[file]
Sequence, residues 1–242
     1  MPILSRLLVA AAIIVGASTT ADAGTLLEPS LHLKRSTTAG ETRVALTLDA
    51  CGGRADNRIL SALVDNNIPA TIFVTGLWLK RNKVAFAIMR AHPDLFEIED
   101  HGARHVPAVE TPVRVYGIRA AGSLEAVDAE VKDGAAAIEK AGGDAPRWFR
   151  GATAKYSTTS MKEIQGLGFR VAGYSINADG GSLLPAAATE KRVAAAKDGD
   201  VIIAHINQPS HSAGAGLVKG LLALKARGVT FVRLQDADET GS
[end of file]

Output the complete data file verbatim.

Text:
Sequence, residues 1–242
     1  MPILSRLLVA AAIIVGASTT ADAGTLLEPS LHLKRSTTAG ETRVALTLDA
    51  CGGRADNRIL SALVDNNIPA TIFVTGLWLK RNKVAFAIMR AHPDLFEIED
   101  HGARHVPAVE TPVRVYGIRA AGSLEAVDAE VKDGAAAIEK AGGDAPRWFR
   151  GATAKYSTTS MKEIQGLGFR VAGYSINADG GSLLPAAATE KRVAAAKDGD
   201  VIIAHINQPS HSAGAGLVKG LLALKARGVT FVRLQDADET GS